Germany, China reaffirm support for Iran nuclear deal
Iran's vice president promised on Tuesday to "sell as much oil as we can" and protect banking in the face of US economic sanctions.
Es’haq Jahangiri said Washington was trying to stop Iran's petrochemical, steel and copper exports. "America seeks to reduce Iran's oil sales, our vital source of income, to zero," he said.
"It would be a mistake to think the US economic war against Iran will have no impact," Jahangiri added.
President Donald Trump said in May he would pull the United States out of an international accord under which Tehran had agreed to limit its nuclear development in exchange for sanctions relief.
Trump said he would reintroduce sanctions and Washington later urged all countries to stop buying Iranian oil from Nov. 4 and foreign firms to stop doing business there or face US blacklists.
Jahangiri said Iran’s Foreign Ministry and the central bank have taken measures to facilitate Iran’s banking operations despite the US sanctions. He did not elaborate.
European powers which still support the nuclear deal say they will do more to encourage their businesses to remain engaged with Iran - though a number of firms have already said they plan to pull out.
Foreign ministers from the five remaining signatory countries to the nuclear deal — Britain, France, Germany, China and Russia — offered a package of economic measures to Iran on Friday but Tehran said they did not go far enough.
"We think the Europeans will act in a way to meet the Iranian demands, but we should wait and see," Jahangiri said.
He added that the US pressure on Iran came as the United States launched an "economic war with China and even its allies", referring to trade tensions between Washington and many of its main trading partners.
He also accused Washington of trying to use the economic pressure to provoke street protests in Iran.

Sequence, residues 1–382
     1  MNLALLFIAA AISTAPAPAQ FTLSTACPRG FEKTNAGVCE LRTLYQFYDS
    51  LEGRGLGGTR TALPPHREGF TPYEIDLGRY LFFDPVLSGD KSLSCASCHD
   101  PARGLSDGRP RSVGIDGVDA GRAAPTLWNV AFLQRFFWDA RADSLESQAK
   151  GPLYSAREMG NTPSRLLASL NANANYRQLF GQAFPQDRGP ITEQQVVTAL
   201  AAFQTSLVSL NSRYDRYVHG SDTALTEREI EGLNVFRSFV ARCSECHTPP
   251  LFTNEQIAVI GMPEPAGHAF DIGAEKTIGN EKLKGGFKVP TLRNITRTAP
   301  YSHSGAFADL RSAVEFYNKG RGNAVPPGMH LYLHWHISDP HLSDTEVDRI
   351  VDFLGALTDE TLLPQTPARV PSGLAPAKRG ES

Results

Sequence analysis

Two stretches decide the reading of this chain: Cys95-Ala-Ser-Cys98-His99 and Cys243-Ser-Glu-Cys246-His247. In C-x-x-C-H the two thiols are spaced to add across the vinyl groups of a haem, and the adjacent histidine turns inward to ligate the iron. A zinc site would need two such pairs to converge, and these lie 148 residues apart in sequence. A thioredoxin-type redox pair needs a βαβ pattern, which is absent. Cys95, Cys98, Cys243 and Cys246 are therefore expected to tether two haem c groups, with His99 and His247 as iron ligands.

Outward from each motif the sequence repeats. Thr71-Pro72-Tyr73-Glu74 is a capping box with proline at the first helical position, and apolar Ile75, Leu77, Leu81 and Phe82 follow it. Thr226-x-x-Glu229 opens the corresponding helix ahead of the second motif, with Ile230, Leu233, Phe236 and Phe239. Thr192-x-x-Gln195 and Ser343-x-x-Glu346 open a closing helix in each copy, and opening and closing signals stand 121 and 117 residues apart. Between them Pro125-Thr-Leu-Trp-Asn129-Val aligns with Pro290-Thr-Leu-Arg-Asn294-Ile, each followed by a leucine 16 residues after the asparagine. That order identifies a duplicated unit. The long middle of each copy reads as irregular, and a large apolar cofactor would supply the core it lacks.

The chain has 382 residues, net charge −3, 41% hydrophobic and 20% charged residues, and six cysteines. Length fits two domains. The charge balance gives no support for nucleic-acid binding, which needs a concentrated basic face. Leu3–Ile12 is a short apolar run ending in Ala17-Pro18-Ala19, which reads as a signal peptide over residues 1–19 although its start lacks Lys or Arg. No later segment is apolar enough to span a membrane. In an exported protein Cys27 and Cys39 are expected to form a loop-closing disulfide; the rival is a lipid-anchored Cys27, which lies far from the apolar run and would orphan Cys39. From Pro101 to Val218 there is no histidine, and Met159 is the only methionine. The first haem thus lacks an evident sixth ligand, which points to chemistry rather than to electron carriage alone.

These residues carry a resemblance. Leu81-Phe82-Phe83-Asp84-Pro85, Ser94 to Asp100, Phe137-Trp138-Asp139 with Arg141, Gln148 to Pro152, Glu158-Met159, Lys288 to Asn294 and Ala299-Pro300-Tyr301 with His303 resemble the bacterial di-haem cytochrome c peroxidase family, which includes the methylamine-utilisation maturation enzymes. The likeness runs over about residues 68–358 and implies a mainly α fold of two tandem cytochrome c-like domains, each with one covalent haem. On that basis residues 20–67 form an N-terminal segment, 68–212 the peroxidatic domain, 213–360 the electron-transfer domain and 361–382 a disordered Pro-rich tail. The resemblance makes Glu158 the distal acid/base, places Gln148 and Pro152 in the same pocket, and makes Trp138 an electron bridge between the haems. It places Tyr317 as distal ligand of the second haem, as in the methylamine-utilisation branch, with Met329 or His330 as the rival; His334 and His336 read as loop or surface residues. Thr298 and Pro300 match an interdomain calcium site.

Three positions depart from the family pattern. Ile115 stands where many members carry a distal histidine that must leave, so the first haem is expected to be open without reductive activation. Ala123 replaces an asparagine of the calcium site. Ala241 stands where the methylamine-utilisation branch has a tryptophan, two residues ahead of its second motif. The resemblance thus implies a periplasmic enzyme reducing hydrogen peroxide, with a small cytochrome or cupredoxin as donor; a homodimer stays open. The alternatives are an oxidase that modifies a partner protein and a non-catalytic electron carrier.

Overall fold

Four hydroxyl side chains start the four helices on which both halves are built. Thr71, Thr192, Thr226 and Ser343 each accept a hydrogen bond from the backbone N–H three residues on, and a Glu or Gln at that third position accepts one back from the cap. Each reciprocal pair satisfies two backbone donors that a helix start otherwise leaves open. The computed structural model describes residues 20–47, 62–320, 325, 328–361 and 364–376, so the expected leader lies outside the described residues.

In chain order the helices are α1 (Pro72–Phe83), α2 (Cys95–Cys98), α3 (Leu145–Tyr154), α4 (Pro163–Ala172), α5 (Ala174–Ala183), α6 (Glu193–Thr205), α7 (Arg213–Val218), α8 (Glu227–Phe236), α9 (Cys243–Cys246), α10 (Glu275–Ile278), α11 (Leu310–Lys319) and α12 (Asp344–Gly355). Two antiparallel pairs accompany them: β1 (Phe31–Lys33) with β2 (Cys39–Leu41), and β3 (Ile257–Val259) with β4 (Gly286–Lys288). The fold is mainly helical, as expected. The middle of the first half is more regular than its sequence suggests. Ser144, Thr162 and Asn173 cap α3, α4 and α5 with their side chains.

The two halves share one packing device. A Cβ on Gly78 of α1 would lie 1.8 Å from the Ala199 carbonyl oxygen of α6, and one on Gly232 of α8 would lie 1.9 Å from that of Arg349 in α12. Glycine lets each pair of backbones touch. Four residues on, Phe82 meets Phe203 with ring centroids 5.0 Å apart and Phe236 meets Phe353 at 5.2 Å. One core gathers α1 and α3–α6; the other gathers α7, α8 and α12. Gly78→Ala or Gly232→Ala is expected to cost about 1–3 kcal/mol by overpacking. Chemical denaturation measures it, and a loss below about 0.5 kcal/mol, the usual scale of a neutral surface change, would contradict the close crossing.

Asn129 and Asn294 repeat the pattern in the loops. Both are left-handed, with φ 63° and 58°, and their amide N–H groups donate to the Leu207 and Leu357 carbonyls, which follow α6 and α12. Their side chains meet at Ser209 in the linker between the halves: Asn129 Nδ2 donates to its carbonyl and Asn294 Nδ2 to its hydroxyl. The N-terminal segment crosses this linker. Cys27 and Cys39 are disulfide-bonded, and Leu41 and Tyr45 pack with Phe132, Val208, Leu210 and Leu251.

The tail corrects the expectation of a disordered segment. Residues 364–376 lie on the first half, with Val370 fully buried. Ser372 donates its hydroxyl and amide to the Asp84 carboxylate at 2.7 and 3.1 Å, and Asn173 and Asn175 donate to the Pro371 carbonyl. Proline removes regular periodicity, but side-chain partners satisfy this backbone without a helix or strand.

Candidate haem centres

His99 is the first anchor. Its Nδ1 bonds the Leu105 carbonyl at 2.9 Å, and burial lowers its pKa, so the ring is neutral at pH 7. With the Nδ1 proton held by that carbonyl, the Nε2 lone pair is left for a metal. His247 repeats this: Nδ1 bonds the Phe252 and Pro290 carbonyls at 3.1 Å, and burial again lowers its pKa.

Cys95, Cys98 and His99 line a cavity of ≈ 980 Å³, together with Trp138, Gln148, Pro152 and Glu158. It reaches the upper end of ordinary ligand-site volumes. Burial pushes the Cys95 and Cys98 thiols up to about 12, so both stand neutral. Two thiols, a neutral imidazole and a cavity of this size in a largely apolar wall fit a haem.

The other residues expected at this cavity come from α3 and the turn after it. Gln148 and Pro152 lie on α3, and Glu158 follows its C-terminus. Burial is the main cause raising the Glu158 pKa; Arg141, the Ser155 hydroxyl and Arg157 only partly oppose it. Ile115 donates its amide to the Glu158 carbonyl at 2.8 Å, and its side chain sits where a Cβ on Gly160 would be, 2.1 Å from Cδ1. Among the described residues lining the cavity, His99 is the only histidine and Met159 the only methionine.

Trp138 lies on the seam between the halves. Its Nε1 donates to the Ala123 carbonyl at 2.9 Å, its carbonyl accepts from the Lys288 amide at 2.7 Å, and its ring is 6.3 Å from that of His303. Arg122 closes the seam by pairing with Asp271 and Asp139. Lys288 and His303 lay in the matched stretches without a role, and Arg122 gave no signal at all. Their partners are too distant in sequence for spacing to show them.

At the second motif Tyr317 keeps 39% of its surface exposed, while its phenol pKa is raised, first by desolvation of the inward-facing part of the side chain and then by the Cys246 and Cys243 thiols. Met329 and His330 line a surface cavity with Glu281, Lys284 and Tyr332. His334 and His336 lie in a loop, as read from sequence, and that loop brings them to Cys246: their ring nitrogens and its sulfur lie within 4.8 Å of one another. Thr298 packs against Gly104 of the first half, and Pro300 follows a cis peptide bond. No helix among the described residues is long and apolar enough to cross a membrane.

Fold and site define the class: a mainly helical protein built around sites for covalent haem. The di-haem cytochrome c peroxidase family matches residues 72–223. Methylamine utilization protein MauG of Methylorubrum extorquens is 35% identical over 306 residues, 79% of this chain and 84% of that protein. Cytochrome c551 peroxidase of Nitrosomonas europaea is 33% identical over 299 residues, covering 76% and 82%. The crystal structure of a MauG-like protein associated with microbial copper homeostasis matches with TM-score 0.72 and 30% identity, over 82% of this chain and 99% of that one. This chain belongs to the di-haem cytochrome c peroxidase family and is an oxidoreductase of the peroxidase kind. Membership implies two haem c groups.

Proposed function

A wave of anti-government demonstrations against economic hardship and alleged corruption engulfed cities across the country in late December and early January.
Germany, China support JCPOA
Meanwhile, Germany and China reiterated that they are committed to the 2015 nuclear deal.
Speaking alongside visiting China's Premier Li Keqiang on Monday, Chancellor Angela Merkel said the nuclear accord, officially known as the Joint Comprehensive Plan of Action (JCPOA), was well-negotiated. The Chinese premier also warned against the unforeseeable consequences if the deal falls apart.
"We remain committed to the nuclear agreement. We think it was well negotiated," Merkel said. "There is more that needs to be negotiated with Iran, but we think it is better to stay in the agreement."
However, Merkel implied that Berlin could do little to protect international companies against punitive US measures, adding that it is up to individual firms to decide if they want to invest in Iran.
Earlier in the day, a spokeswoman for the Chinese Ministry of Foreign Affairs, Hua Chunying, expressed Beijing's resolve to continue efforts to safeguard the achievements of a 2015 nuclear agreement, putting forward a five-point proposal.
"Facing the complicated and stern situation at present, China clearly put up a five-point proposal emphasizing in particular that international rules should be observed, major countries should show their due integrity and sense of responsibility, unilateral sanctions can only run counter to one's desire and should be abandoned, and dialogs and consultations should adhere to a constructive approach in discussions about issues of common concerns," Hua said.
Reuters and Press TV contributed to this story.